Where does the 1472-byte packet size come from (equivalently, the 92 in "92 successive 128 bit chunks")? Largest UDP packet that fits without fragmentation on an all-Ethernet path (without any encapsulation or protocol option fanciness)?

    Is there an implicit byte ordering in the protocol? For instance, uint16 is said to be a 2-byte basic type but how those bytes are decoded into a number seems unstated. For another instance, a keccak hash at least in its purest conception is a bit string so there's room for confusion in how that translates to an integer type.

    Is there a canonical (or good, or at least available) reference for Serpent and its usage? I'm seeing hints that it's used here with zero overhead, which makes me wonder if there's really no initialization vectors or equivalent, something to exclude statistical attacks based on (same plaintext fragment in + reused key) -> (same ciphertext fragment out).

  2. Diana Coman says:

    Where does the 1472-byte packet size come from (equivalently, the 92 in "92 successive 128 bit chunks")? Largest UDP packet that fits without fragmentation on an all-Ethernet path (without any encapsulation or protocol option fanciness)?

    Yes, 1472 as the programmable payload in an Ethernet frame of 1500. The value was arrived at after some discussion and iteration, starting somewhere in 2017 when we were trying to figure out how to even get some use out of the relatively small payload size of Serpent and got settled almost one year later, in 2018, as the protocol and needs of the game became clearer and it was noted that the correct measurement unit for network traffic is not really the bit nor byte but the Ethernet frame.

    Is there an implicit byte ordering in the protocol?

    Yes, over the network everything is Big-endian (byte AND bit order). As far as I know, this is the usual convention and there wasn't a very good argument to break it (even despite a lot of log talk on how everyone is on little endian nowadays where local machines are considered). Not sure why it didn't become explicitly stated in the protocol's description but at any rate, it was discussed, agreed on and implemented as such, see the To_Wire and From_Wire methods in the Messages package of EuCore.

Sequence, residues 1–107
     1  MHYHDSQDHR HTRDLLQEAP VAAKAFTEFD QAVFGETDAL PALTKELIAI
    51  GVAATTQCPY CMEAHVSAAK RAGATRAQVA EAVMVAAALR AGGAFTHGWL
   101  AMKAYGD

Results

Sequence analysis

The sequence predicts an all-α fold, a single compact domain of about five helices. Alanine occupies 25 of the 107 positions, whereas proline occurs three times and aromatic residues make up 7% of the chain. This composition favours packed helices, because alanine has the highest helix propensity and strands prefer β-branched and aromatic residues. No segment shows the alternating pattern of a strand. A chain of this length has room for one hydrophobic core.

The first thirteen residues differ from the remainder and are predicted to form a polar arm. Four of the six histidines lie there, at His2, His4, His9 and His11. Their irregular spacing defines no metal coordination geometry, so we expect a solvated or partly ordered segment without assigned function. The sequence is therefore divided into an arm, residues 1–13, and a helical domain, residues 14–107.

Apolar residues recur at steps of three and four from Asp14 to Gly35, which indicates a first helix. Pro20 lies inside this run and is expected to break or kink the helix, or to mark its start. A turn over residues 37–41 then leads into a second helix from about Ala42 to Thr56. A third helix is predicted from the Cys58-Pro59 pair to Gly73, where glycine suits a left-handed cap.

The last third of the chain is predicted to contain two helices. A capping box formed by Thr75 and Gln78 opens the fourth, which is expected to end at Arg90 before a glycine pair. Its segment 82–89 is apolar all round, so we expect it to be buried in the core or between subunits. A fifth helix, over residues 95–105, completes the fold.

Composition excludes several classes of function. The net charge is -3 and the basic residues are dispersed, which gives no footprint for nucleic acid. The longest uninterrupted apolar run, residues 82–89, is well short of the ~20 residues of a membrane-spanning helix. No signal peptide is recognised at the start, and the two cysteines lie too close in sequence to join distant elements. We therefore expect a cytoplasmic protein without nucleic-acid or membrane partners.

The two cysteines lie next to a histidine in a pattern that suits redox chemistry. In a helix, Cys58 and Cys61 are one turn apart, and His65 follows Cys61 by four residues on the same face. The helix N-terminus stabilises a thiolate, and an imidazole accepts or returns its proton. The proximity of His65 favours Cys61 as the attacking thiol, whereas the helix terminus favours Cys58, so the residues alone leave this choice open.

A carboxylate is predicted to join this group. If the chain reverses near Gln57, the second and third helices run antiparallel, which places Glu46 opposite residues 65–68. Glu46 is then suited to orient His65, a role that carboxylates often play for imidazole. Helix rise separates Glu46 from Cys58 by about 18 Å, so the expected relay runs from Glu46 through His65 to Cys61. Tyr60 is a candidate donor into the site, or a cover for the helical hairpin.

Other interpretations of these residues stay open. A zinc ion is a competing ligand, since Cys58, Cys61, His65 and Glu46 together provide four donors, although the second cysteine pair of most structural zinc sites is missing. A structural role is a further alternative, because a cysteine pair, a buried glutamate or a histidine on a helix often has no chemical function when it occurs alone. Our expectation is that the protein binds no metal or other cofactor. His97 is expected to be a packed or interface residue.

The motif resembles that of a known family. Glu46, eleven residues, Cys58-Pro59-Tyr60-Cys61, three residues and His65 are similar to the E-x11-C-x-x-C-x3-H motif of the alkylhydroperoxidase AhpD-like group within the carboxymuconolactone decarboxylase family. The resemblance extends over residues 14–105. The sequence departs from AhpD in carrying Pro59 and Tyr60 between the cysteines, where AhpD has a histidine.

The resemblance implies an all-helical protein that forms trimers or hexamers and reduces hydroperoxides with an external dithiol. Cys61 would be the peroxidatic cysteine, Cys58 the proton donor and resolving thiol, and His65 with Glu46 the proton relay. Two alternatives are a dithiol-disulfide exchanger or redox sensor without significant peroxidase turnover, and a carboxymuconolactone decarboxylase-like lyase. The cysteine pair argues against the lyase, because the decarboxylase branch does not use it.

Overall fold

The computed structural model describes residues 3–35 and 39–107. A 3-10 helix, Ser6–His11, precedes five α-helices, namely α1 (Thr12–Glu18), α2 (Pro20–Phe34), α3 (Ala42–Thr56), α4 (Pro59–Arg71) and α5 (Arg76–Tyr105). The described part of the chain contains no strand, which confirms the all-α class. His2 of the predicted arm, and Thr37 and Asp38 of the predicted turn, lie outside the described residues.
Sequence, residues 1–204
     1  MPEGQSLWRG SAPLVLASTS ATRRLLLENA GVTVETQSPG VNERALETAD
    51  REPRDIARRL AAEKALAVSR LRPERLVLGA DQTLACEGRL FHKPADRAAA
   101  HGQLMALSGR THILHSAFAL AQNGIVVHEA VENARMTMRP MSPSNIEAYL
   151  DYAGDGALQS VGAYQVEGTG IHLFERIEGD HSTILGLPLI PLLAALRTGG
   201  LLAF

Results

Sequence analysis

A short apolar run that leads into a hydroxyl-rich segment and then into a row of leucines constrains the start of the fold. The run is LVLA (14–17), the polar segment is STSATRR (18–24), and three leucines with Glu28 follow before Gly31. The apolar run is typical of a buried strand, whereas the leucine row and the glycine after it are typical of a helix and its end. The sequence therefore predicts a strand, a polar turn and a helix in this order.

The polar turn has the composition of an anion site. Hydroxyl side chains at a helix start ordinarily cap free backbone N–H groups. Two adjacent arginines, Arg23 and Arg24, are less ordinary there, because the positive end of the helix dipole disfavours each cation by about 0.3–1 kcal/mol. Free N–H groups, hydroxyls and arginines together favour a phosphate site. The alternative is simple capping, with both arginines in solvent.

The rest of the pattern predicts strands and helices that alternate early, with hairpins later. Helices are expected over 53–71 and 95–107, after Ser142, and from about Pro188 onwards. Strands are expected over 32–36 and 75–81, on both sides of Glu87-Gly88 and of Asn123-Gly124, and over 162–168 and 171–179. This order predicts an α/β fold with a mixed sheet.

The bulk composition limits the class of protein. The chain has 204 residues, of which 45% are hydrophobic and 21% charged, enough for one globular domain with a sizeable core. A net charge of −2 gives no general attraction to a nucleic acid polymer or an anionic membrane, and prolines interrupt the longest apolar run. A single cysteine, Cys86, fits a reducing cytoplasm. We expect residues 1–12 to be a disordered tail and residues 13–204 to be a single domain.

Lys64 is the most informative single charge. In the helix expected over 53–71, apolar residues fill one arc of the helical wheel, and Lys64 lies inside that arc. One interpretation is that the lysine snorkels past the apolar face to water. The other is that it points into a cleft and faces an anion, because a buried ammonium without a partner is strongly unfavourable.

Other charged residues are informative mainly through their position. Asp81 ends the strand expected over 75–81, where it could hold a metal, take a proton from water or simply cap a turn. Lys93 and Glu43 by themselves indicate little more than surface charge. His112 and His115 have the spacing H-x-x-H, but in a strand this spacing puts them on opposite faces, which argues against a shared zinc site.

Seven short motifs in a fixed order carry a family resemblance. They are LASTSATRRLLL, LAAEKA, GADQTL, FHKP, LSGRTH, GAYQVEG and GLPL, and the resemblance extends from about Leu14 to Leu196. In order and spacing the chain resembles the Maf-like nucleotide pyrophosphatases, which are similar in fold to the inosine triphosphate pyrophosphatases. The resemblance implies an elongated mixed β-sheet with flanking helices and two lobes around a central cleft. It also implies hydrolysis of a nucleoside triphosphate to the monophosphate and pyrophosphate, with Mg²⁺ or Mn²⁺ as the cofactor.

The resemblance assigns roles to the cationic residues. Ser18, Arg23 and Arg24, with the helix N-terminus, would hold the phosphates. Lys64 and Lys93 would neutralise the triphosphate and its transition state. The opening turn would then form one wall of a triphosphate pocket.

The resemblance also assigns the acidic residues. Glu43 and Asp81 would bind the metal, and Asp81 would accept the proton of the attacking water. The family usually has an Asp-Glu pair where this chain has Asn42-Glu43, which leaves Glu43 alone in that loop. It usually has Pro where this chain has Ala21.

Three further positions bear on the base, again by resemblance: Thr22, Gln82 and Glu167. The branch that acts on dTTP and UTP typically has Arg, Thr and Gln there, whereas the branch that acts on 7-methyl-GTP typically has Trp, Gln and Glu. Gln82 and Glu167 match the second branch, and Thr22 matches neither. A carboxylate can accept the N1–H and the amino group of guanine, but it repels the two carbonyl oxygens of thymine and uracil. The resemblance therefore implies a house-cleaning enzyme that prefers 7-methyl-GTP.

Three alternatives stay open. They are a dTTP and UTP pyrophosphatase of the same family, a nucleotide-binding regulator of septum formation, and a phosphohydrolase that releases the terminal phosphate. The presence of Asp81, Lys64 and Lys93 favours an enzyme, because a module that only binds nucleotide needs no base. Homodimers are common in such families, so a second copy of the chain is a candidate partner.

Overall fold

Is there a canonical (or good, or at least available) reference for Serpent and its usage?

    The one and only relevant reference that I know of is the original paper describing and proposing Serpent for the AES competition, which is anyway the reference followed by all implementation for Eulora2, hence archived and linked from my first article on Serpent implementation. In terms of attacks and the like, the paper itself claims that breaking a Serpent key would require at the very least 2^100 known plaintexts and actually more like at least 2^256 due to their chosen S-boxes. There's also the note that "it would be prudent" to change a key "well before 2^64 blocks have been encrypted" to avoid a potential collision attack. I am not aware of anything more or even simply better than this in terms of documented Serpent usage and/or potential vulnerabilities.

    I'm seeing hints that it's used here with zero overhead, which makes me wonder if there's really no initialization vectors or equivalent, something to exclude statistical attacks based on (same plaintext fragment in + reused key) -> (same ciphertext fragment out).

    It is indeed used with zero overhead. The sort of thing you seem to be looking for is actually baked in at protocol level through the chosen structure of messages: note that even if you send repeatedly the same chat line for instance (hence presumably "same plaintext" as far as the user is concerned), what gets encrypted and therefore counts as "plaintext fragment" from Serpent's point of view is going to include that padding that is meant to be random (though the user can choose to have it fixed and repeated instead, up to them).

    Otherwise and as it is the case with any and all other symmetrical encryption schemes, it is in principle and in theory possible to make the full possible table of input/output and then use that, with the only protection against this being the cost (time esp) of producing it. Arguably the same characteristic of being faster than RSA works in this sense against Serpent but in practice and at least so far, it still seems to be prohibitive. I suppose if/when Eulora2 is worth the trouble for someone to break Serpent, it will be quite something anyway.

  3. Diana Coman says:

    Updated with footnote 3 and changes to 4.10 and 7.9.

  4. [...] as an ongoing trend, and in the envisioned future with new possibilities emerging in the nascent Eulora2 environment. [^]Speaking of automation, it looks like I could use a proper script for generating these tables [...]